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I have this little code to demonstrate it:

#include "stdio.h"

int main() {
    int a = testfunc();  // declared later
    printf("%d", a);
    return 0;

int testfunc() {
    return 1;

It compiles with no error, and a outputs 1 as expected.

See in action:

Why there is no error? Is it part of the spec of C or a compiler related thing?

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up vote 5 down vote accepted

The function testfunc() is implicitly declared. The compiler cannot do any signature checks so you might get a runtime error in case you fail to invoke it corectly.

This is part of the C specification. But the recommendation in the C specification is to declare all the functions you plan to implement and use, at the beginning of the current file or in a header file.

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To clarify, "runtime error" means "something might go wrong, who knows what?" Maybe your program will crash, maybe it will give you the wrong answer, maybe it will download pictures of cats. – Dietrich Epp Nov 28 '12 at 10:15
How to break it? I mean to emit the run time error? – xiaoyi Nov 28 '12 at 10:17
@xiaoyi. Try calling testfunc(1). You will get a runtime error. – Razvan Nov 28 '12 at 10:18

Because, by default the compiler considers the undeclared functions as

int function_name ();

Internally, an undeclared function is considered with return type as int and accepts any number of arguments.It matches with your actual function also. so no issue.

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This is compiler dependant. Some compilers will emit an error, others - a warning, while others - nothing. The compiler duty is only to check that you use the function with the correct arguments. If you don't declare it, then the compiler can't check and warn you for misuse of the function, but it can generate the code for calling the function. The linker duty, on the other hand, is to see that the function is implemented and put its address in the call generated previously by the compiler. Since your function is implemented, the linker works fine.

Since your compiler doesn't check you, you can try calling your function with arguments. The call might work but might also make your program crash.

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What compiler will emit an error? Such a compiler would not be C89 compliant, at least. – Dietrich Epp Nov 28 '12 at 10:14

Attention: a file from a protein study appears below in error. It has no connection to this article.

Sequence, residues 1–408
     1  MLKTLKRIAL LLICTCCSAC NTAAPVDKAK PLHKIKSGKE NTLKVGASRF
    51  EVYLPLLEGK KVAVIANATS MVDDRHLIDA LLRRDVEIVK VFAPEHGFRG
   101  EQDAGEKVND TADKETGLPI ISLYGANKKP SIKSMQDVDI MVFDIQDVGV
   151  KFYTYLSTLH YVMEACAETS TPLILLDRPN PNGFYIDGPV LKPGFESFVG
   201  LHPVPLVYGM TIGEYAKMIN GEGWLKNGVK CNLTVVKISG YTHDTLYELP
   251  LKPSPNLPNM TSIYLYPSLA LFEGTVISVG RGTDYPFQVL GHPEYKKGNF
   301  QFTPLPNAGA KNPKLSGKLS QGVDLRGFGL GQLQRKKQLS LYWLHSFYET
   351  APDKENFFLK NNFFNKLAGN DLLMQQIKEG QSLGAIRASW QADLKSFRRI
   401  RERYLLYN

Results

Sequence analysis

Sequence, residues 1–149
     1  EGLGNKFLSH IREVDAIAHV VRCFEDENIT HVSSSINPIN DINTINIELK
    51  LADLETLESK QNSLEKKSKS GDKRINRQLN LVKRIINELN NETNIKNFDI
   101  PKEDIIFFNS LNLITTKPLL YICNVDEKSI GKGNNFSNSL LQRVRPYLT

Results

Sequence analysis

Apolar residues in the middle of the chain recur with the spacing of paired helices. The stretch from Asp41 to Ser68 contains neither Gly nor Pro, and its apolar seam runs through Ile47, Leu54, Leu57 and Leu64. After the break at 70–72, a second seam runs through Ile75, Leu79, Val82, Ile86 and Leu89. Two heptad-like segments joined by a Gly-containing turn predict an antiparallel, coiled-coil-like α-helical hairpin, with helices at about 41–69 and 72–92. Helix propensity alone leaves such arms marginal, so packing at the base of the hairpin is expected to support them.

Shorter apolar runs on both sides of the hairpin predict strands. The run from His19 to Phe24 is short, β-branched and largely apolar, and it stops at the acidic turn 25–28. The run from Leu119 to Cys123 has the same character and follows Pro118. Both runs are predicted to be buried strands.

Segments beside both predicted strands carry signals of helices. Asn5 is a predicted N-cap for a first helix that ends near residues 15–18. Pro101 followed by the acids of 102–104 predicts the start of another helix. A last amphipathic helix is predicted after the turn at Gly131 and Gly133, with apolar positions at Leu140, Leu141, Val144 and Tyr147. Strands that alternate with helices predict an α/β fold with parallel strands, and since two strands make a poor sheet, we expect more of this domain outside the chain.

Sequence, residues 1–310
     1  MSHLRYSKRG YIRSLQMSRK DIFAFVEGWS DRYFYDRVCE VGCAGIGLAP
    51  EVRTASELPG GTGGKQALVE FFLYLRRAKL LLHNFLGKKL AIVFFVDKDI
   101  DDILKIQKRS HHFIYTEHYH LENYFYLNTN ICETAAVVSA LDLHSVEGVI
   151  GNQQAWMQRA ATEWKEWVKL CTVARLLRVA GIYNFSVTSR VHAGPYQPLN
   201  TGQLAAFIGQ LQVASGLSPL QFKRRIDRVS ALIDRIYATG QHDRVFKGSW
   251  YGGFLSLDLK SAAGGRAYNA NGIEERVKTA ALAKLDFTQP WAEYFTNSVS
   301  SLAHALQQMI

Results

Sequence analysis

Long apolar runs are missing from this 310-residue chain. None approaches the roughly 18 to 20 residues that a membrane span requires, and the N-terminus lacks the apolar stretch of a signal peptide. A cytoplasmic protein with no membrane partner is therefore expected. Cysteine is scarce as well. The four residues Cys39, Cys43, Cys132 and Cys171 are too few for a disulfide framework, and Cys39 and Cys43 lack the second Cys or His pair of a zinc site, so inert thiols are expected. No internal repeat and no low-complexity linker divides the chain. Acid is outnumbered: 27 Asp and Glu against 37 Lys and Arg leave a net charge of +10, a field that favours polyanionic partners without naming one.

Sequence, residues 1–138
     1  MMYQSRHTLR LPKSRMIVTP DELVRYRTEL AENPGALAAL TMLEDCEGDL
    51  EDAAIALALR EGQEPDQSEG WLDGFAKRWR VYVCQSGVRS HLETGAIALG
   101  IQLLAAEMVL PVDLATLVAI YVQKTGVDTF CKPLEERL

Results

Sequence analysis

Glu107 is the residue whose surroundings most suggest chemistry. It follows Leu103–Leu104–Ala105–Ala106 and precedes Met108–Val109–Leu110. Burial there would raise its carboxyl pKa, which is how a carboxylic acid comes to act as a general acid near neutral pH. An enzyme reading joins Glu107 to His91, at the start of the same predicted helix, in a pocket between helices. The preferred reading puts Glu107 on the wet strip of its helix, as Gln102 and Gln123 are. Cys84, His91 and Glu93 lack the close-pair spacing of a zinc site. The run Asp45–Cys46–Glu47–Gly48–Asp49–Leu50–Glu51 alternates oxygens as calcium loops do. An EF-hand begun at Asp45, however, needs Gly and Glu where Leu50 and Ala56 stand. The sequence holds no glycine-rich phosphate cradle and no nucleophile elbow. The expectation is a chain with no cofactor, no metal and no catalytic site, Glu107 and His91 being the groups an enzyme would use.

Actually, I'm quite sure that this is allowed by the standard (although it's not recommended, implicit declarations come from the ancient times of C) so there's no way that a compliant compiler can give an error on this. – Matteo Italia Nov 28 '12 at 10:16
I think the stardard doesn't require this, but the standard is old, and compilers are new. And many C compilers are much stricter than the standard. GCC withe -Wall will even pick into your printf to warn you against unmatched arguments, which is not even "compiling". I see more and compiler that warn and even error about lack of functions declarations. – CodeChords man Nov 28 '12 at 11:59
int a = testfunc();

int testfunc() {
    return 1;

You are not getting any error because in C default function signature is the same.

If you want the compiler to tell you see the demo below:

call like this without forward declaration and see compiler will give you error.

int a=testfunc(5.4);

int testfunc(float f)
 return 1;

NOTE : The best practice in C is to give forward declaration of functions which you are going to use it in program.

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The compiler doesn't need to see a function definition to call it, it only needs a prototype to check the arguments, if there isn't any, the compiler will assume the function returns int and that you know what you're doing. However, when linking if the linker can not resolve a symbol only then you will get an error.

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In ANSI C, you do not have to declare a function prototype; however, it is a best practice to use them. If you do not have a prototype, and you call a function, the compiler will infer a prototype from the parameters you pass to the function.The compiler assumes that it has an int return type. If you declare the function later in the same compilation unit with a different return type, you'll get a compile error.

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